LONDON • On a sticky August afternoon in 2011, as rioters looted and burned in the streets outside, a small number of police officers gathered in a room in North London.
Projected on the wall was the blurry silhouette of a man with a black woollen hat pulled deep over his forehead and a red bandana covering all but his eyes. Security cameras across the city had tracked the man setting fire to cars, stealing from shops, beating up passers-by, even hurling petrol bombs.
But he was always masked.
"We need to identify this fellow," the sergeant said. "He's one of the worst."
At that moment, Constable Gary Collins from the local gang unit walked in. He took one look and said: "That's Stephen Prince."
Friends call Constable Collins "Rain Man" or "Yoda" or simply "The Oracle". But at Scotland Yard, London's metropolitan police force, he is known as a "super recogniser". He has a special gift of facial recall powers that enables him to match even low-quality and partial imagery to a face he has seen before, on the street or in a database and possibly years earlier. The last time he had come face to face with Prince was during a fleeting encounter in 2005.
Soft-spoken and gentle-mannered, Constable Collins carries a baton and pepper spray, but no gun. His weapon is his memory: Facial recognition software managed to identify one suspect of the 4,000 captured by security cameras during the London riots. Constable Collins identified 180.
"Computers are no match for the super recognisers," said Detective Chief Inspector Mick Neville, head of the Central Forensic Image Team at Scotland Yard and mastermind of the squad.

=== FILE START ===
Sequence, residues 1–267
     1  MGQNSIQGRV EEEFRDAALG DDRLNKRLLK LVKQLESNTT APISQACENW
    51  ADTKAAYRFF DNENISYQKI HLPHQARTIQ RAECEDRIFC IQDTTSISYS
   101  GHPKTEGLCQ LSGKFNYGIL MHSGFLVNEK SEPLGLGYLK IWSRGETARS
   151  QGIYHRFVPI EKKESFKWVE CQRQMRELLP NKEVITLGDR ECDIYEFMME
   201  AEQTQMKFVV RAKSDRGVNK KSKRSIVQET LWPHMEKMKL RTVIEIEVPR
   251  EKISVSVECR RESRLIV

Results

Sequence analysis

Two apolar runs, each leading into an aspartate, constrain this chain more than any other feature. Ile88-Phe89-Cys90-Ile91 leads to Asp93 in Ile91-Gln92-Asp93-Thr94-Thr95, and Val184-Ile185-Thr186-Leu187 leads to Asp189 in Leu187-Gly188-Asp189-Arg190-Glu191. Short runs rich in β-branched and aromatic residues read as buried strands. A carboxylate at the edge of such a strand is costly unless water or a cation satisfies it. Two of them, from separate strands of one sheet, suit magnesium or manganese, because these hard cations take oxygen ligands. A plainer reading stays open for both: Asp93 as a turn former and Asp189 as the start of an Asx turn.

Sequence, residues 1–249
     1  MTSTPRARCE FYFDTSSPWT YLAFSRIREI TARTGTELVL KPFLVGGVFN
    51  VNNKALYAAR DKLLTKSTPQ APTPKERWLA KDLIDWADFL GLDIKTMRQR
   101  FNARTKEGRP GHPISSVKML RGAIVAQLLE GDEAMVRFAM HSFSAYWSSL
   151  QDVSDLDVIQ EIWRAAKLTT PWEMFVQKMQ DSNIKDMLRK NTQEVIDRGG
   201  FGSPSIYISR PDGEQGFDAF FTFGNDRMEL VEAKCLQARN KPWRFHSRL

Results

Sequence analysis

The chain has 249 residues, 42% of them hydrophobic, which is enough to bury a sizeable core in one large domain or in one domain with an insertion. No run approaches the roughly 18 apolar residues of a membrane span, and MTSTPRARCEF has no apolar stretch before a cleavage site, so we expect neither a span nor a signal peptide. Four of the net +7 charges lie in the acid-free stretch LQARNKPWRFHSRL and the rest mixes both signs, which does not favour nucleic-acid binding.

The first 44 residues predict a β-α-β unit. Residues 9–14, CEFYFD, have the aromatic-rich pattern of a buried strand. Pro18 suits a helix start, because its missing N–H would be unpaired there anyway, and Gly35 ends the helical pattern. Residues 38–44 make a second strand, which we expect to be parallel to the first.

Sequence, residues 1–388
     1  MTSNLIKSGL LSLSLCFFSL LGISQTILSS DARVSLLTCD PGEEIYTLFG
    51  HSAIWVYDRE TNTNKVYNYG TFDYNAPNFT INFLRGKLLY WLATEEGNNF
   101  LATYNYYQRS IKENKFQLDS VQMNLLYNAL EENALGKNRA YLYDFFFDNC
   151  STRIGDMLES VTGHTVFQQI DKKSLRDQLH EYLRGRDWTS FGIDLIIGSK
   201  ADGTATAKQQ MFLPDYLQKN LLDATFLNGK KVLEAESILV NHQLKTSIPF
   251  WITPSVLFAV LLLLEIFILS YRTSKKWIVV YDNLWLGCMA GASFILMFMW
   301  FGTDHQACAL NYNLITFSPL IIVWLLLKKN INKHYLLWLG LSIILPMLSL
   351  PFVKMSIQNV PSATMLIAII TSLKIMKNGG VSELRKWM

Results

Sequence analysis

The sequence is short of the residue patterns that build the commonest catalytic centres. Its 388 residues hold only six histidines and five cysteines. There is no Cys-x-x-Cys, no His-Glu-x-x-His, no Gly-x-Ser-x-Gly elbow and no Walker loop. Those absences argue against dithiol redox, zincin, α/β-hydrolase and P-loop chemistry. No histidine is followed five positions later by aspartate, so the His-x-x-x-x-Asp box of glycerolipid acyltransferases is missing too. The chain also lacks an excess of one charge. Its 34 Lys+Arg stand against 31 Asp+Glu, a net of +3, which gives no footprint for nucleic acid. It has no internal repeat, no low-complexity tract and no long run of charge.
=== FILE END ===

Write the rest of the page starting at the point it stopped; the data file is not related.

With its estimated one million security cameras, London is pioneering a whole new area of detection, one that could be cheaper than DNA analysis and fingerprinting and relies, above all, on human superpowers. Scotland Yard's ever-expanding team of 152 super recognisers is made up of men and women from across the force who score at the top end of a facial recognition test originally devised at Harvard in 2009. Constable Collins, the star of the unit, is in the rarefied 1 per cent range.
Traffic police and jailers, those patrolling neighbourhoods and officers who specialise in violent crime, the super recognisers have more than tripled the number of identifications since April 2013. They are deployed to pick out known thieves and sexual offenders in crowds of tens of thousands at rock concerts and to round up pickpockets at tourist spots like Buckingham Palace and Oxford Circus. This year, they solved the high-profile murder of a teenage girl that had led to the mobilisation of 600 police officers across eight forces, the biggest search operation since the 2005 London bombings.
The term was coined in 2009 by Dr Richard Russell, a post-doctoral researcher at Harvard. He was studying prosopagnosics, or those with face blindness, and found that about 2 per cent of people had a very poor ability to recognise faces. Then he grew curious: Were there people at the other extreme, with extraordinary facial recall?
Dr Russell, now an associate professor of psychology at Gettysburg College, tested four individuals who believed they had superior face-recognition ability. The tests included the Cambridge Face Memory Test, using images with no hair or other identity clues, and a Before They Were Famous Test, in which participants have to identify celebrities from photographs taken mostly when they were children.
All four participants scored far above the controls. Since then, larger-scale tests predict that 1 per cent to 2 per cent of people are super recognisers.
Around the same time in London, Detective Chief Inspector Neville was fighting a lonely battle with his superiors to put in place a system for circulating images of suspects caught on security cameras. "We had all the evidence, but we weren't using it," he said in a recent interview. "The idea was that the cameras themselves would deter the bad guys. They didn't."